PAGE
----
[This is an advance post in a series from the ESN blog. You can find the first part here or here.]
In the first post of this series, I was ruminating about a patient who had a rapid decline in health and social circumstances, culminating in a recent scan that showed the possibility of cancer even while he was struggling with homelessness. It was a bleak situation that caught me off guard because I was not expecting it and was grieved to think of what it would be like for him to die alone.
It was stunning news. I listened with disbelief as my colleague described how a patient of ours, in whom we had uncovered a host of serious diseases over a few years, was now newly diagnosed with cancer after an incidental scan. In addition, his social supports had been eroded and I thought about what it would be like for him to die from a vicious terminal disease while alone and homeless. He would not be the first patient for me to watch die in such a way.
Last Saturday I tried to go to work early and catch up on some paperwork. The building was not yet unlocked, so I went to the diner across the street for some breakfast.
I ordered the $3.25 breakfast, consisting of a carb (2 slices of white toast), a vegetable (fried potatoes), and a protein (2 fried eggs). The man at the counter a couple seats down ordered the $5, which added sausage and subbed in french toast for regular toast. Apparently he was too hungry to wait, and decided to order a muffin while his food was on the grill. I believe it was a blueberry muffin. And I believe the muffin contained as much, if not more sugar as flour.
I stopped and put my fork down on the plate. There was still food on it, but an emotional force had interrupted my appetite. My wife and I had been sitting at the dining table, chatting idly about preparations for our child, now nearly 34 weeks old and still in the womb.
34 weeks. In the mere act of thinking those numbers, my mind suddenly brought out memories of many other children I had seen with those same numbers attached. 34 weeks but still with an unexpected high-grade intraventricular hemorrhage. 34 weeks but with panhypopituitarism. 34 weeks but with neurologic devastation. 34 weeks but…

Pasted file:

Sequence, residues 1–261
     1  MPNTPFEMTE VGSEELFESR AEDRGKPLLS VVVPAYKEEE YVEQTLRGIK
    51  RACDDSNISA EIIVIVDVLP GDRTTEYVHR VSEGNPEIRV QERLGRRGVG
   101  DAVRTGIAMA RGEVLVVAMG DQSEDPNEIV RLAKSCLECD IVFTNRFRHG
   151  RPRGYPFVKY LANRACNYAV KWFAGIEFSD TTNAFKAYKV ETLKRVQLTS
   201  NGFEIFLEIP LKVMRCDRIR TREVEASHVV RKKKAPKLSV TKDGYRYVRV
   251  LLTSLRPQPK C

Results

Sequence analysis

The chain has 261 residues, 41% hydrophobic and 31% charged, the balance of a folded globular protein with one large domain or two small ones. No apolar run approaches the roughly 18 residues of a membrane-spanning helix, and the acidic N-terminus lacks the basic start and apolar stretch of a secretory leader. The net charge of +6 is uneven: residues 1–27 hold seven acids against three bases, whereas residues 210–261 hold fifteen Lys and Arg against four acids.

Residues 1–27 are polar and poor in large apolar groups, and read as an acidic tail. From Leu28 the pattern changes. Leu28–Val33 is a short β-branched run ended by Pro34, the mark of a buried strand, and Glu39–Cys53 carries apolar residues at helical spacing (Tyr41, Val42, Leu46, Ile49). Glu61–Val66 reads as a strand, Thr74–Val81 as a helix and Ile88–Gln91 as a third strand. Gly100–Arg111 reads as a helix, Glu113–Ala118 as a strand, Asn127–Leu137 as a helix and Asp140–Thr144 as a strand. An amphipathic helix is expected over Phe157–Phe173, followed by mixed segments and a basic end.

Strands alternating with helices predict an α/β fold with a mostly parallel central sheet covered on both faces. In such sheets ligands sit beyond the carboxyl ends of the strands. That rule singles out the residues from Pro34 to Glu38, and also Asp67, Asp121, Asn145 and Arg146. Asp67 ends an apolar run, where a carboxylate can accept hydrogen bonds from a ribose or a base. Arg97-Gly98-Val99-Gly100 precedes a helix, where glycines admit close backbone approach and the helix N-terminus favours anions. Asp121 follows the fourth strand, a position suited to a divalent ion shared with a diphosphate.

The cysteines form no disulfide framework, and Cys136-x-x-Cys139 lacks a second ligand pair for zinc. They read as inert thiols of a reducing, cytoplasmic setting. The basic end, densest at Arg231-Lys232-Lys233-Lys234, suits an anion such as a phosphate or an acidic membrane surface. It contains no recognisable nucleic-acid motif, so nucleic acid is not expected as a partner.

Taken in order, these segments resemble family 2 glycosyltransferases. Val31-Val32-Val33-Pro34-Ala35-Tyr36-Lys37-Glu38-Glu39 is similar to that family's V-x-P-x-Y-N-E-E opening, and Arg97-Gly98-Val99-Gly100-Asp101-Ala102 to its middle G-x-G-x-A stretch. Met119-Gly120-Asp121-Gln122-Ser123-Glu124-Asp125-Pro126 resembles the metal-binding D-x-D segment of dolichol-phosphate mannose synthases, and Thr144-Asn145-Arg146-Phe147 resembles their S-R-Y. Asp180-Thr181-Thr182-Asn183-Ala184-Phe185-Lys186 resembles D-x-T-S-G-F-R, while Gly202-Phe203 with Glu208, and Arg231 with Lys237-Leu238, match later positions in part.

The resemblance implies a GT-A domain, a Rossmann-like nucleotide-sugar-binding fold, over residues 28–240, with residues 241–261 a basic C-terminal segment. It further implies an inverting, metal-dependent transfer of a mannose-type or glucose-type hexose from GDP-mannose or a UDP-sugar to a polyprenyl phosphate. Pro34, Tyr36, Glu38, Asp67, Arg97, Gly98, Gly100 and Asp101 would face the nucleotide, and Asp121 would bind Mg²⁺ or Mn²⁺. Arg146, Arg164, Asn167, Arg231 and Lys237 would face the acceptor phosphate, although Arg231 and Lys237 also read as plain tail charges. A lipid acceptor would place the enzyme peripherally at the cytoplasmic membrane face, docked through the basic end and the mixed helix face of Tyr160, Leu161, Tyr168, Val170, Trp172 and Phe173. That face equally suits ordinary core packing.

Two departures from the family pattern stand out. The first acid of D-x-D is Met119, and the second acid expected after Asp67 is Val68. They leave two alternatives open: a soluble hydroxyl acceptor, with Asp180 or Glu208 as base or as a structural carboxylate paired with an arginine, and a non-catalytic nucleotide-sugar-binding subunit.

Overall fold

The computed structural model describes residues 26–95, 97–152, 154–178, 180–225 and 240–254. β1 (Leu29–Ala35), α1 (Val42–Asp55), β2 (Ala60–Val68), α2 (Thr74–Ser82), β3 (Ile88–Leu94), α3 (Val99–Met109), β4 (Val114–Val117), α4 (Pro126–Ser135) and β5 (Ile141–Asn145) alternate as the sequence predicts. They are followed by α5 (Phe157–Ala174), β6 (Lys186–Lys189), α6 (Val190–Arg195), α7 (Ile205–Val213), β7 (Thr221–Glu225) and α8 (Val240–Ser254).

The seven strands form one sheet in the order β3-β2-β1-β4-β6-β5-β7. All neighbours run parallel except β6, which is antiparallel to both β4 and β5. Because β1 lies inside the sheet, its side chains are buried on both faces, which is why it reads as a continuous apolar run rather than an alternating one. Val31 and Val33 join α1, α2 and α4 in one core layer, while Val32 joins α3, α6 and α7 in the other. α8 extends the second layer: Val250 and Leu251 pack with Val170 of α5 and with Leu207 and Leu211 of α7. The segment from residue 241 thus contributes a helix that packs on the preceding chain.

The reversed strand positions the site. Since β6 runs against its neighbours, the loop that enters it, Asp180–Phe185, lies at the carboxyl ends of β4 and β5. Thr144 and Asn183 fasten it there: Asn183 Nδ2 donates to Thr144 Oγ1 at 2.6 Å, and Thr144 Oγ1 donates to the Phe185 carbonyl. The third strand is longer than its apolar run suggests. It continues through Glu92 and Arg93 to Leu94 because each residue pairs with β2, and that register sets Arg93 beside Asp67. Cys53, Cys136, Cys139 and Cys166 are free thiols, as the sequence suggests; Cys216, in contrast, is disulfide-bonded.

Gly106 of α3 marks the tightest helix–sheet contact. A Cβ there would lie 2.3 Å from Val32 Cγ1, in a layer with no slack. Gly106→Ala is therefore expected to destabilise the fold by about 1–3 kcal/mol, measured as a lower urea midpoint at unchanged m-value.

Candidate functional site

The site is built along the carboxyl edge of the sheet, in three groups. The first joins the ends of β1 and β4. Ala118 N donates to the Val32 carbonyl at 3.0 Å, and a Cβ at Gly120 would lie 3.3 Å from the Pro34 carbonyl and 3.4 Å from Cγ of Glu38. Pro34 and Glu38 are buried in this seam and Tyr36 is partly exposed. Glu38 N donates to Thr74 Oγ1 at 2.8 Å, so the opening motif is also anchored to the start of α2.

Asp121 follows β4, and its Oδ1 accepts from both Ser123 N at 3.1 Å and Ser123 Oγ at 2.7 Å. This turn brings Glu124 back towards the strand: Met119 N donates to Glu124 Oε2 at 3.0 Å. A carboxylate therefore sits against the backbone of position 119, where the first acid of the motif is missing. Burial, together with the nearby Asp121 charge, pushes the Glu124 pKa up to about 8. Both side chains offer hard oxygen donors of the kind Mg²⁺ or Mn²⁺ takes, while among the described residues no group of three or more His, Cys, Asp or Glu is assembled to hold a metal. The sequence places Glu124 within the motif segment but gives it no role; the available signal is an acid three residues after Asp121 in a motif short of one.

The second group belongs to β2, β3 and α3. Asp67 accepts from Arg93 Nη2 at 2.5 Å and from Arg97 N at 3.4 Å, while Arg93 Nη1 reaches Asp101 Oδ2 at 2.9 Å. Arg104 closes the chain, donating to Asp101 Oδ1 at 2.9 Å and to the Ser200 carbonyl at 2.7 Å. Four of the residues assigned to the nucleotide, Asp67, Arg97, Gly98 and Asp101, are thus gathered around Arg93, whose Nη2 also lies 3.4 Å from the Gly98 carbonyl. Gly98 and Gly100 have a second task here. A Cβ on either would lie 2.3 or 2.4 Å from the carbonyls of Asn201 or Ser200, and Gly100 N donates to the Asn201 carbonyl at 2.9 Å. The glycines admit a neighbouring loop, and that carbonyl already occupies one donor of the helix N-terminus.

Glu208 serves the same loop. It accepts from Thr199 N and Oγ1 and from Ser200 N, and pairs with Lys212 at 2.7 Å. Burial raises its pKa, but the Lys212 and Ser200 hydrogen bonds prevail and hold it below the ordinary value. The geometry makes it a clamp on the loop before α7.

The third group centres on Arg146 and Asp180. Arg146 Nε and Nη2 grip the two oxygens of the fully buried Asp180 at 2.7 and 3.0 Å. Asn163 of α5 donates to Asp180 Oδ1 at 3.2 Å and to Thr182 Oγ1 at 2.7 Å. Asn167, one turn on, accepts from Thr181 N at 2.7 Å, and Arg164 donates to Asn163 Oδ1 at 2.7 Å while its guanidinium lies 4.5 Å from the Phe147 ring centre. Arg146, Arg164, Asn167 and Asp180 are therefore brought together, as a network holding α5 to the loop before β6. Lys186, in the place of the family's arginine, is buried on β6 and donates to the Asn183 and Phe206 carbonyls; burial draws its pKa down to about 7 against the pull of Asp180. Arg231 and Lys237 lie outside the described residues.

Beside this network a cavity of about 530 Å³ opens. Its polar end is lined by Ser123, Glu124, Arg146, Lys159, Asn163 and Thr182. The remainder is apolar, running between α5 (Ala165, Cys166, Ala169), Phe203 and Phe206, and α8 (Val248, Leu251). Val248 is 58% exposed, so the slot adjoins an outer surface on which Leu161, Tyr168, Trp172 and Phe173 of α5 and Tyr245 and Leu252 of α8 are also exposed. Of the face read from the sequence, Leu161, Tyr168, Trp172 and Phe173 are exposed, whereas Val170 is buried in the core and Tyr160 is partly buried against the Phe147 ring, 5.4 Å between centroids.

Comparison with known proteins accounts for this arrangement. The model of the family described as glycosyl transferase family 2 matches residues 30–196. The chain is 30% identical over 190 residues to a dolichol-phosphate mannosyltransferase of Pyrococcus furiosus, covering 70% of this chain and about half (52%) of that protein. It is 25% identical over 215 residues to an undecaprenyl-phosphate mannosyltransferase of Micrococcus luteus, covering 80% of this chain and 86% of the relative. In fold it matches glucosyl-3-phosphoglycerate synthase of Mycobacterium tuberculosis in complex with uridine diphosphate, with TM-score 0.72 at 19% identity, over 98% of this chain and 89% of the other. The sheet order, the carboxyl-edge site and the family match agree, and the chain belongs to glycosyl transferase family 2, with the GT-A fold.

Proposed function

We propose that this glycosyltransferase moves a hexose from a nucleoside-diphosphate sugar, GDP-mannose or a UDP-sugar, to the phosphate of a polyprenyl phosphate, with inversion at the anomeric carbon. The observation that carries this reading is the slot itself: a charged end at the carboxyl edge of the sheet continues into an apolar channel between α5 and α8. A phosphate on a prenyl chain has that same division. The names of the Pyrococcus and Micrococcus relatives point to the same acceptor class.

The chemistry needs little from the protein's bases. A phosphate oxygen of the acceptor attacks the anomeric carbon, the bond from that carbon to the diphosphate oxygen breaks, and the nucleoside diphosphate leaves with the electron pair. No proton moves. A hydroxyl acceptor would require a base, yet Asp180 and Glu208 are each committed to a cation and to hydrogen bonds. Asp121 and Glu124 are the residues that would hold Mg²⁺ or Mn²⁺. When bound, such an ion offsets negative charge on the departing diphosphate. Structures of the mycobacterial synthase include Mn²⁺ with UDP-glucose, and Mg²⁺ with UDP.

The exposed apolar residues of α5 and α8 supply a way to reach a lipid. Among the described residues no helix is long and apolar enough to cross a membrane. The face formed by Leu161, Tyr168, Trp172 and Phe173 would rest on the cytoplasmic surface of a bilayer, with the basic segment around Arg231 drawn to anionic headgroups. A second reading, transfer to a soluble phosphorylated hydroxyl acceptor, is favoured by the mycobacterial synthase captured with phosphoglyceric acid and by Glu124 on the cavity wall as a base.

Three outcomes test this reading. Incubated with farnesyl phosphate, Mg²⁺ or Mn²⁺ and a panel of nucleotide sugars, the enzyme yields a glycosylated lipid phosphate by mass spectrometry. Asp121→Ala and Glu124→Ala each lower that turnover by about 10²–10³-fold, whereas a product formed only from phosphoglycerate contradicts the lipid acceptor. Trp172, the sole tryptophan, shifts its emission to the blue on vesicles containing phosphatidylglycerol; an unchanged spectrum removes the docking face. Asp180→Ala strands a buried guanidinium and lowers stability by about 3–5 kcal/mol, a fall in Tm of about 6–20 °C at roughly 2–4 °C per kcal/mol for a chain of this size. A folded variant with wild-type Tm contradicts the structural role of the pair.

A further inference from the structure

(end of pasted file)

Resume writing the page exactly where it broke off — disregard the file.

I haven’t exercised in several years. Really, the only time I run these days is when someone is literally dying. I run to Code Blues in the hospital. I run to stat messages on my 1980’s style pager. And that’s about it.
It’s shameful. I’m a physician who routinely counsels children and adults about the benefits of exercise and the importance of maintaining a “healthy lifestyle”. Consequently, I often feel like a hypocrite because I grouse and mutter and make excuses when my wife encourages me to do something active. It’s ironic because most people who see and know me shake their heads and say that I should gain several pounds.
The drug dealers around the corner work long hours, rain, snow or shine. Sometimes they purposely look away when I walk by. Sometimes they say hello/hi/good morning or “Do you have a light, ma’am?”, to which I respond, “No! I don’t smoke. And you shouldn’t either!”. Sometimes they look like hardened criminals with their lower orbital tattoos. Sometimes they look pitifully vulnerable sipping on a Capri Sun. If you’re sipping on a Capri Sun, I’m gonna have a hard time taking you seriously. Victor is one of the local dealers. I met him a year and a half ago.
Every year, over the span of a couple short weeks, I celebrate my birthday, Christmas, and the New Year. I reminisce over the past year and resolve new goals for the next. This year has been filled with what I call alone-in-the-middle-of-the-night moments. Do you ever get those? One of the moments came for me as I was lying awake one night listening to my grandmother’s shallow breaths over a baby monitor and calculating her doses of Ativan and morphine in my head. Another time came when I walked into the basement to submit an electric meter reading, that was due at midnight two days earlier, only to see inches of dark murky water all around. And there was the time I was curled up in pain on the bathroom floor, wrapped up in an old afghan, knowing I had to be at work in a few short hours. And yet another moment came as I was anxiously pacing in the emergency room waiting to hear news of a sick friend. It’s those moments when crisis hits after dark and no one is humanly available to share in my pain. Perhaps the knowledge that I was alone was worse than the actual event. My normal practice would be to call up a friend, but calling is just not a nice thing to do at two, three, or four in the morning. In the silence, my mind tends to run wild with all the things that could go wrong. I flounder to find a sense of peace or organized plan of action or method of processing. My mind tries grasping at something, just one little sliver of brightness to cling onto. Continue reading “In the Middle of the Night”→